Using the platform of "negotiations" to legitimize their demands, the Palestinians can chalk up the following achievements:
"Right" of Return was invented and promoted as a right in international law
A spurious Palestinian claim to sovereignty in Jerusalem is gaining increasing acceptance
Refusal to recognize the right of a member state to exist, a violation of the UN charter, is gaining increasing acceptability.
Any refusal to accede to the demands of the Palestinians, however outrageous, is openly ascribed to the "Israel lobby," legitimizing anti-Semitism.
Terrorism is being legitimized as the "right of resistance."
A segment of Israeli society now believes that the occupation is the only reason for Arab opposition to the existence of Israel.
In contrast, Israel has not even tried to make a case for the rights of Jewish refugees from Arab lands
, to defend its own right to exist in security, to explain the clear danger to Israeli security from a terrorist-dominated Palestinian state, or to present the obvious case for Jewish rights in Jerusalem.
Because Israel is unwilling to negotiate, it is pictured as dragging its feet on negotiations in order to prolong the occupation.
Israel must also "negotiate" with our own people, because unless our citizens understand why they are asked to make sacrifices and risk death, and unless soldiers understand what they are defending, they will be unwilling to do their part. We must be convinced, before going to war, that every effort was made to achieve peace. Domestically, in 2001 this was pretty much the case. Ehud Barak is castigated for negotiating when negotiations were hopeless, and for making far-reaching concessions in return for nothing, but that noble failure gave most Israelis the conviction that we are right, that the terror attacks are not due to the "occupation" primarily but to the desire of the Palestinians to destroy our state and our society.
Israel must also "negotiate" with the United States and Europe for the right to defend itself. This was not taken for granted in 2001, when the Tenet and Mitchell reports legitimized Palestinian terror attacks as part of a "cycle of violence" and European officials counseled "restraint" in the face of suicide bombings. If and when the "third intifada," the next round of violence, starts, Israel must demonstrate to its own citizens and to its allies and partners that we did everything possible to prevent it.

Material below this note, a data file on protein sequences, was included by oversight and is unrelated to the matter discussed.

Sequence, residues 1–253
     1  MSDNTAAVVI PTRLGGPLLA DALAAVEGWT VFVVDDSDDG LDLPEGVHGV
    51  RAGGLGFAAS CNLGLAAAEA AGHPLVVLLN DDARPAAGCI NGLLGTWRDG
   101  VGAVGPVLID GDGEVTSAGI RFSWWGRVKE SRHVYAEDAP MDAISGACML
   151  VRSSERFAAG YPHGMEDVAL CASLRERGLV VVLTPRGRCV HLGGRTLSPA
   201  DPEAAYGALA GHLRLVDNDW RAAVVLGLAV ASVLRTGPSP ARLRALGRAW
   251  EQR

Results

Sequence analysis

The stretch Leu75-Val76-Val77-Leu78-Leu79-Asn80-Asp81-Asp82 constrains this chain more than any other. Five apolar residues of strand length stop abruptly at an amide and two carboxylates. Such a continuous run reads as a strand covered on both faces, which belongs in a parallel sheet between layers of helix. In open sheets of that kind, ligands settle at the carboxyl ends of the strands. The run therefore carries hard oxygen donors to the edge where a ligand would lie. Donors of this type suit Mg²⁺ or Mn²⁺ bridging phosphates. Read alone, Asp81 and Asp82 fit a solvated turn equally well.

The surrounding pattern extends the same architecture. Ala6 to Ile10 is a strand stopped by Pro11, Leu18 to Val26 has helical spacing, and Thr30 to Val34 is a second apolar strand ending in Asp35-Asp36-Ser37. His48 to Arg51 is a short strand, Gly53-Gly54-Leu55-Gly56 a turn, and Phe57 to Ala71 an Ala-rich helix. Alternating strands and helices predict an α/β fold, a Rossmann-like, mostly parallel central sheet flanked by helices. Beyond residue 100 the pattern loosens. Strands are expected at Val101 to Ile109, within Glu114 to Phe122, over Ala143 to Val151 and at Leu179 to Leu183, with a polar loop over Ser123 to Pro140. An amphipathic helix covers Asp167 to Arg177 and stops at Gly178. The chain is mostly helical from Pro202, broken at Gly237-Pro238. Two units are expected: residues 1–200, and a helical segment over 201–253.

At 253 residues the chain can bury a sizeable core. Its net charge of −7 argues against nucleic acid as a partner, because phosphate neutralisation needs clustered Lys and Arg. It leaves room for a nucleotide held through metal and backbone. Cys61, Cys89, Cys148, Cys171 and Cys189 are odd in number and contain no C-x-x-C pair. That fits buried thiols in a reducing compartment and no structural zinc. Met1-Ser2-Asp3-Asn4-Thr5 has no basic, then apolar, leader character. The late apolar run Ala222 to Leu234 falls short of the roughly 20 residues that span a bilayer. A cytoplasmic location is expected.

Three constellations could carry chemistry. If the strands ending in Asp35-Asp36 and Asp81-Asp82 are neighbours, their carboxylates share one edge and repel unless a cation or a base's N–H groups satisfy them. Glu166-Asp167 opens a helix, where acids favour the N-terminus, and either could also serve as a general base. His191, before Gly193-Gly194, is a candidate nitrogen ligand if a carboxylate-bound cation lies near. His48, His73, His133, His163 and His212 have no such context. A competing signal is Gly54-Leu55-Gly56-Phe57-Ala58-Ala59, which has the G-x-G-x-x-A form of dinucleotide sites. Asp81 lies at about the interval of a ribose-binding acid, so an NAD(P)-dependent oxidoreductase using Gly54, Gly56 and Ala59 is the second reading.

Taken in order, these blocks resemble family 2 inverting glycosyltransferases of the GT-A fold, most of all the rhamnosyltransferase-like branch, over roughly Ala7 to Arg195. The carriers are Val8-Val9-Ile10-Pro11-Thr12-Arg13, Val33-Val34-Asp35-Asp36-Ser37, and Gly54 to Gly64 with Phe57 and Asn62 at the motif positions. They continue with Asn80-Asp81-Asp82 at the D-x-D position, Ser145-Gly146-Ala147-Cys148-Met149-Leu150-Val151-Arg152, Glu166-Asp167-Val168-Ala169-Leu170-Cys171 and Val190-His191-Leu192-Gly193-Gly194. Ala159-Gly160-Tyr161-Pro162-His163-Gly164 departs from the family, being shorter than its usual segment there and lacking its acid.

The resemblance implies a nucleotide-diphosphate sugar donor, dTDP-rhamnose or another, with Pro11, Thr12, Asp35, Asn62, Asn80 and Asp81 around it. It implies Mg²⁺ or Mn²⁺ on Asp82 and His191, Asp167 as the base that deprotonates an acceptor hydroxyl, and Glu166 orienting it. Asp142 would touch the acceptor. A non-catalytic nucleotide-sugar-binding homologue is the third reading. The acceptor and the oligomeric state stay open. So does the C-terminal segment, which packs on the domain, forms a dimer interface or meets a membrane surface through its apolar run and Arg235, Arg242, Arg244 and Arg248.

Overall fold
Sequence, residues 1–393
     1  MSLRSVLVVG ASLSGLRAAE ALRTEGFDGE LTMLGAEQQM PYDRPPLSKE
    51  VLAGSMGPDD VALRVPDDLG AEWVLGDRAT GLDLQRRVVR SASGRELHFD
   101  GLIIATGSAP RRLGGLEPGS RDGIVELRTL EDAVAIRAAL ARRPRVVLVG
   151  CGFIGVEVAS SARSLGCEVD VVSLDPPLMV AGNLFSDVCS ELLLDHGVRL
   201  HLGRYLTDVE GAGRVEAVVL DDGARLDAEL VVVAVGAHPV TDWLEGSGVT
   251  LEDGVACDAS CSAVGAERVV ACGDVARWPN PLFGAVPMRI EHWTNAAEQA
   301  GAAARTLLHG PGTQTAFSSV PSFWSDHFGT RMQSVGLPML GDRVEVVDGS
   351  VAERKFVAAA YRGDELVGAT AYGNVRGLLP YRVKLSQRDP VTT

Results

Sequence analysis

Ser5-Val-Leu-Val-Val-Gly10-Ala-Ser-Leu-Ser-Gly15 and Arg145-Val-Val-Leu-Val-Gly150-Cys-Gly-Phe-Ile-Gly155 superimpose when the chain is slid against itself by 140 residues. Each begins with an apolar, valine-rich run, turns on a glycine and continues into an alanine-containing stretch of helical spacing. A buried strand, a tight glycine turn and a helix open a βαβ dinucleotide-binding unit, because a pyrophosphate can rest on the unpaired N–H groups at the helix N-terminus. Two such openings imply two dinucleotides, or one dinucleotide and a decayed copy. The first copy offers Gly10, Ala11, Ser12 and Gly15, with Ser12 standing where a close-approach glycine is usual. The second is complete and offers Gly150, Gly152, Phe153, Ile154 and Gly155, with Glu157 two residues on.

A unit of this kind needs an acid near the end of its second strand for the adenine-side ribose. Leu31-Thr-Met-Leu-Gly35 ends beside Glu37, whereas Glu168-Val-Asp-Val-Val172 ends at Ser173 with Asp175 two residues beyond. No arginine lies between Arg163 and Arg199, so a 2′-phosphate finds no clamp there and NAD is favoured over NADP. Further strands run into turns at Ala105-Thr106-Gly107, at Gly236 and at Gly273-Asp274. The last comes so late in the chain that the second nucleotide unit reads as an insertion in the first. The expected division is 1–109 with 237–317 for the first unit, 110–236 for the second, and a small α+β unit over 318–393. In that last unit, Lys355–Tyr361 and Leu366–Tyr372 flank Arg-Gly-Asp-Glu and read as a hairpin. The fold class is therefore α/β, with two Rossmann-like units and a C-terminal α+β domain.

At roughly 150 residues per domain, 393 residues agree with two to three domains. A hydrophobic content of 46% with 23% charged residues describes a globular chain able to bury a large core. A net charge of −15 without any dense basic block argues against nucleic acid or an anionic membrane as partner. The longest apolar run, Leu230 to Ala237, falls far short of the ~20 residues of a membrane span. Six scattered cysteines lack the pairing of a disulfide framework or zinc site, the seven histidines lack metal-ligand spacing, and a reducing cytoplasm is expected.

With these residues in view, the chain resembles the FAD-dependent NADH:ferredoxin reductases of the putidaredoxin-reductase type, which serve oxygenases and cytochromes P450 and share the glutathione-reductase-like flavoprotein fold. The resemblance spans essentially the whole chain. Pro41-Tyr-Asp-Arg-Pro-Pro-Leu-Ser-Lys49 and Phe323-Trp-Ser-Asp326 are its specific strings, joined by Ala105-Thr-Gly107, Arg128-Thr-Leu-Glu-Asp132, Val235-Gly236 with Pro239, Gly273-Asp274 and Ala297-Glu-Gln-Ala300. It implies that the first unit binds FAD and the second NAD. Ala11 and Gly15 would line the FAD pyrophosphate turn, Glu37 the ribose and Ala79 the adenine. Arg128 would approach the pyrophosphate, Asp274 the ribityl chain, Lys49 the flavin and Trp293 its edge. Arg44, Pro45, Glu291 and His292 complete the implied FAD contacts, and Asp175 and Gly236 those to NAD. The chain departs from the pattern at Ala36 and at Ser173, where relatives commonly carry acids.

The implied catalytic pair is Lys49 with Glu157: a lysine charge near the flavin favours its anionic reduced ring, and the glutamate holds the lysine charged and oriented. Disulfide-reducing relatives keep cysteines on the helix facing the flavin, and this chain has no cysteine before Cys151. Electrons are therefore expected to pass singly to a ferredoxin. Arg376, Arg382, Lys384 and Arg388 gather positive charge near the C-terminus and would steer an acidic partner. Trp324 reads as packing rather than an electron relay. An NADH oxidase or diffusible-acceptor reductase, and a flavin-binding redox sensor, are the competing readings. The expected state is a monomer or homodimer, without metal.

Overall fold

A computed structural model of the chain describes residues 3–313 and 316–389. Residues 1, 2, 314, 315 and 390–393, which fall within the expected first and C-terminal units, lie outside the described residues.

Finally, for reasons that have little to do with logic and public opinion, and a great deal to do with petroleum in the Arabian Gulf area and the American problems in Iraq, the United States insists on a "peace process" between Israelis and Palestinian Arabs. Therefore, there is a good chance that the negotiations will take place regardless of Israeli objections. Shouldn't we do our utmost to exploit the negotiations as an opportunity to present our side of the story, rather than trying to skulk in a corner, as though hiding from the wrath of justice?Ami Isseroff
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Replies: 2 Comments
(Ami for foreign minister!)
Libya, Morocco, Sudan and Iraq already issued invitations to their Jews to return in the 70s. To my knowledge, only one Jew did - and promptly disappeared (this was in Saddam's Iraq). The Arab states know that the Jews would rather go to the North Pole than go back alnd live under their tyrannies. The Jewish refugees issue is a double-edged sword. Much better to use the Jews' refusal to return to encourage the Palestinians to drop THEIR demand to return.
lyn, Thursday, May 10th
You're right - except the point of Jews from Moslem countries. Just imagine that those countries admit that Palestinians' "naqba" was the flip side of Moslem Jews's "naqba" and agree to take their Jews and/or their descendents back - while Israel should accept the Palestinians' "right of return"!
Misha Shauli, Wednesday, May 9th